In the long-standing vein of comedic spy movies movies featuring unlikely heroes,i Sacha Baron Cohen’s fourth feature film and his second featuring an unproven character,ii is a tightly packaged tickle, rife with nuances that subtlety swim over the heads of the vast majority of the audience, and unsurprisingly, professional reviewers too.iii The Brothers Grimsbyiv is a strong cult hit contender.v
In only its second weekend in theatres, I took in what was easily funniest movie since The Dictator alongside just 10 other people in a 200-seat downtown cinema. It was a damn good thing there was an entire empty row to my right and in front because there were two or three scenes where I literally fell out of my seat laughing like a baked hyena. It’s hard to imagine the kind of mind that can create the physical and social boundary-destroying humour that Cohen continues to showcase, but he shows no signs of aging, even if his brand of laughs is evidently losing its luster with audiences.vi
As to the film itself, the storyline had pace, making for a compact sitting not much longer than a headliner’s stand-up routine. Even the action scenes left little to be desired, giving a sharp modern-day video game feel, but in the best way possible ; effectively blurring the line from the other direction (surely to the bemusement of Naughty Dog et al.) and yielding a distinctive palette cleansing between cuts of (mostly) witty dialogue and evermore unbelievable bro-on-bro-ball-sucking, obeast-muff-diving, and elephant-queue-bukkaking.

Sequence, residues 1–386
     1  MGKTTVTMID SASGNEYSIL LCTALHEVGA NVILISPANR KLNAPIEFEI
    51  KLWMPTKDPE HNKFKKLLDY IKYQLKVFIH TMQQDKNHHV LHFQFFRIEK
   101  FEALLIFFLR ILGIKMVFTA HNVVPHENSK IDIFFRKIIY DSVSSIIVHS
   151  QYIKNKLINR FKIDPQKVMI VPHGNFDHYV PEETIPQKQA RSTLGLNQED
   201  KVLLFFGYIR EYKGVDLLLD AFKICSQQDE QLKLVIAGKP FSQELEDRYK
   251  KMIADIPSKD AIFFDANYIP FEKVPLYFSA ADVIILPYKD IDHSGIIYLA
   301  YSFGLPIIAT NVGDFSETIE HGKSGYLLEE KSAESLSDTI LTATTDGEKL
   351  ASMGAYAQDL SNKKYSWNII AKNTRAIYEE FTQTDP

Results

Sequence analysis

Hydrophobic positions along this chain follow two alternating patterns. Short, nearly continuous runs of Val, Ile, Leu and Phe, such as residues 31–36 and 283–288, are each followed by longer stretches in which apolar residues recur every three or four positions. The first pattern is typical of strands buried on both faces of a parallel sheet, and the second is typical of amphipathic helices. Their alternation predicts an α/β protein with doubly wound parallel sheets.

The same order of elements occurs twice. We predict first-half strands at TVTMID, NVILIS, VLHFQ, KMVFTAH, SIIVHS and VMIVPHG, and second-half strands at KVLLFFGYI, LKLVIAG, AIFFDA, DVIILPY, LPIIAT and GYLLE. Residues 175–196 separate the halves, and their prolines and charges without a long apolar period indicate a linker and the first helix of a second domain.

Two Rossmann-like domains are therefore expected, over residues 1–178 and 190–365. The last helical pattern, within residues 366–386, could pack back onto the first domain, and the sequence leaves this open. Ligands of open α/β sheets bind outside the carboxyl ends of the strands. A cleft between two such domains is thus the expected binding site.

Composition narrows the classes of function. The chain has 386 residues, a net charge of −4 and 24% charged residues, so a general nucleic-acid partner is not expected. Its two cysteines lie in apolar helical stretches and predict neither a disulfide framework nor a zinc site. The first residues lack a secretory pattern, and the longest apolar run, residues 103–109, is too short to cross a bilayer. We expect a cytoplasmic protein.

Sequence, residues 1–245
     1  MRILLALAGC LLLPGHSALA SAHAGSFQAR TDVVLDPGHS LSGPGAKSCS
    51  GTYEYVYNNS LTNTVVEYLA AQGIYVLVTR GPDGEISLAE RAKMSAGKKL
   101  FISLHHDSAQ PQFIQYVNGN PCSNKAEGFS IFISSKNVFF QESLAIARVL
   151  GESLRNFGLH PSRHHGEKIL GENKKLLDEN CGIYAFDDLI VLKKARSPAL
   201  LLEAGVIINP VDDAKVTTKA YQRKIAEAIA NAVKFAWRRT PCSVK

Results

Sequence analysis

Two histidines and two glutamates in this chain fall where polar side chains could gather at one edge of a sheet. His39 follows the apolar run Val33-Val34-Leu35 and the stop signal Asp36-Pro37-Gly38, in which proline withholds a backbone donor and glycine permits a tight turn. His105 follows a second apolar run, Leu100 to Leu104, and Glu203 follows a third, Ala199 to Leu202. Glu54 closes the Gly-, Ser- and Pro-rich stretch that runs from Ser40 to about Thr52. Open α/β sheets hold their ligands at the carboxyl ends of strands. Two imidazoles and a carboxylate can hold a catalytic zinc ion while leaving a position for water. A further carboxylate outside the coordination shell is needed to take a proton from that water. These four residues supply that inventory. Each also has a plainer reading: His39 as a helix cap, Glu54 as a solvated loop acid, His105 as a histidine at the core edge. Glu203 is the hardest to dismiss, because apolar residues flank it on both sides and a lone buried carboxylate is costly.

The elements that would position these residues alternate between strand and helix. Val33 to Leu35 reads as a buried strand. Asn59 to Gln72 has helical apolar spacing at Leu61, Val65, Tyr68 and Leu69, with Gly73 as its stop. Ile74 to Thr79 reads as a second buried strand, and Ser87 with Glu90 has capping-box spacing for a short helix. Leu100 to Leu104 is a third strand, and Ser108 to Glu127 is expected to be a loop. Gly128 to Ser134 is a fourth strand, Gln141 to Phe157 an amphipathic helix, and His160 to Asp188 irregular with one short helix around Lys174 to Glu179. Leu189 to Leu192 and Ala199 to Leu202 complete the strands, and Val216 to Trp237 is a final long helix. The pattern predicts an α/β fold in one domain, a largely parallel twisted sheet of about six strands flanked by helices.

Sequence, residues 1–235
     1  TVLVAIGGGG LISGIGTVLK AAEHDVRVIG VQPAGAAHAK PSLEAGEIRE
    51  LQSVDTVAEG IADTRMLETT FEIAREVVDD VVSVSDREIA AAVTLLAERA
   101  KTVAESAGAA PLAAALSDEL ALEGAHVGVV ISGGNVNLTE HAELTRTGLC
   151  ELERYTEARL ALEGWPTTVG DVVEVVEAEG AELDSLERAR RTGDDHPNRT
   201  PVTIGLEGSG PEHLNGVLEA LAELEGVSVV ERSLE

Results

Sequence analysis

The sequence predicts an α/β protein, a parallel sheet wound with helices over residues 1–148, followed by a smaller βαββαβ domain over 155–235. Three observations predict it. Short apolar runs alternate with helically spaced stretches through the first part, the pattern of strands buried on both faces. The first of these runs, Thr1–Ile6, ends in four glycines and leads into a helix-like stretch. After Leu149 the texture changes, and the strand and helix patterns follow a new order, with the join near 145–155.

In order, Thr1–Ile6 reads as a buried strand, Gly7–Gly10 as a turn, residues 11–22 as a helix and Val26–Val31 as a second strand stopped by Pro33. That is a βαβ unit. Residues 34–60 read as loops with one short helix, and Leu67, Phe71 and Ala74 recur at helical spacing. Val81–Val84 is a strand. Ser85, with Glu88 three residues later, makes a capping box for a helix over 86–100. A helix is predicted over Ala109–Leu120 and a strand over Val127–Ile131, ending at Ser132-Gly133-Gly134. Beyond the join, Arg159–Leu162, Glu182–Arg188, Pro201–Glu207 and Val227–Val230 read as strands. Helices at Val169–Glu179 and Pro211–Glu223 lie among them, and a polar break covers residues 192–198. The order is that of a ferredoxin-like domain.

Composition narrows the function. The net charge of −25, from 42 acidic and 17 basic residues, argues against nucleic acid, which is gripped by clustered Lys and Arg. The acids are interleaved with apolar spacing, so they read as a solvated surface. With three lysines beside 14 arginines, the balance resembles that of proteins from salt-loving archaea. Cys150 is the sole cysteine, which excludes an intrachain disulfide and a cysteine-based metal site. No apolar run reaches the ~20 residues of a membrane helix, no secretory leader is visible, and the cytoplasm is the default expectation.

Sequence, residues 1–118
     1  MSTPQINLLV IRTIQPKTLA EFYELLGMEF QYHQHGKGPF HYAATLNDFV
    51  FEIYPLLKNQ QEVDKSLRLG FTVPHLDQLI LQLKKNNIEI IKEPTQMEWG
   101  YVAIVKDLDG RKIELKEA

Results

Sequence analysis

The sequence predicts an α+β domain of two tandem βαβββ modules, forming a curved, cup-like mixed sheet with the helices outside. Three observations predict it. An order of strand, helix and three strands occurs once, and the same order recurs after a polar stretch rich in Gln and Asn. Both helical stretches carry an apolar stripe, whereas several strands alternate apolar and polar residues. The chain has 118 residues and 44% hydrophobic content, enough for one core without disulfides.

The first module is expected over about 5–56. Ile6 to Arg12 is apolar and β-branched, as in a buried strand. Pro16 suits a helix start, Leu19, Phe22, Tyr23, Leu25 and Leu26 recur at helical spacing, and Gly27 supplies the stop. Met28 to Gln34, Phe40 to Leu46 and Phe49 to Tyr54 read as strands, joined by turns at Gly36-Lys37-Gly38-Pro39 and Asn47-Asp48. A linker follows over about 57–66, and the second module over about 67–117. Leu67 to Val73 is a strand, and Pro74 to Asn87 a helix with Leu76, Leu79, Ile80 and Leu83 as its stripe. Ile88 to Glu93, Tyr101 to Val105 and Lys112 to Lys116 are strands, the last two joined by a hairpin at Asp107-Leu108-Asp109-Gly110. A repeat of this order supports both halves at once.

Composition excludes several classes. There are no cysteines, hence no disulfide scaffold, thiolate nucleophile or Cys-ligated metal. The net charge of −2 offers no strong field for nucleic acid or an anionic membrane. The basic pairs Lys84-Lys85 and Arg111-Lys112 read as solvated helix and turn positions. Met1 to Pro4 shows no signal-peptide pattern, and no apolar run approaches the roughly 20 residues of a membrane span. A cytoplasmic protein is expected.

It takes a sick man to make such a film and an only slightly less sick man to derive so much enjoyment from it. As with Cohen’s other feature films, I have little doubt that watching The Brothers Grimsby again in a few years will be well worth the while.
There’s more depth than originally meets the eye.
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- See also, Austin Powers, Spy, etc.↩
- Bruno and Borat were characters in Da Ali G Show on HBO.↩
- The Brothers Grimsby has a telling 54% on RT. Yes, reviewers are wrinkly old hags with no funny bones!↩
- 2016, written by Sacha Baron Cohen and directed by Louis Leterrier. Also starring a dull if nicely aging Penelope Cruz, a dim Isla Fisher, and Mark Strong.↩
- Which is to say, a financially disastrous movie that develops a fanatical following. Like Brazil or Boondock Saints.↩
- The movie has taken in $22 mn so far against a production budget estimated to be $60 – 80 mn. Compare this with the fat fuckers who looted theatregoers with Spy, which took in $235 mn against a similar production budget. They say crime doesn’t pay, but in the short term at least, neither does most art.↩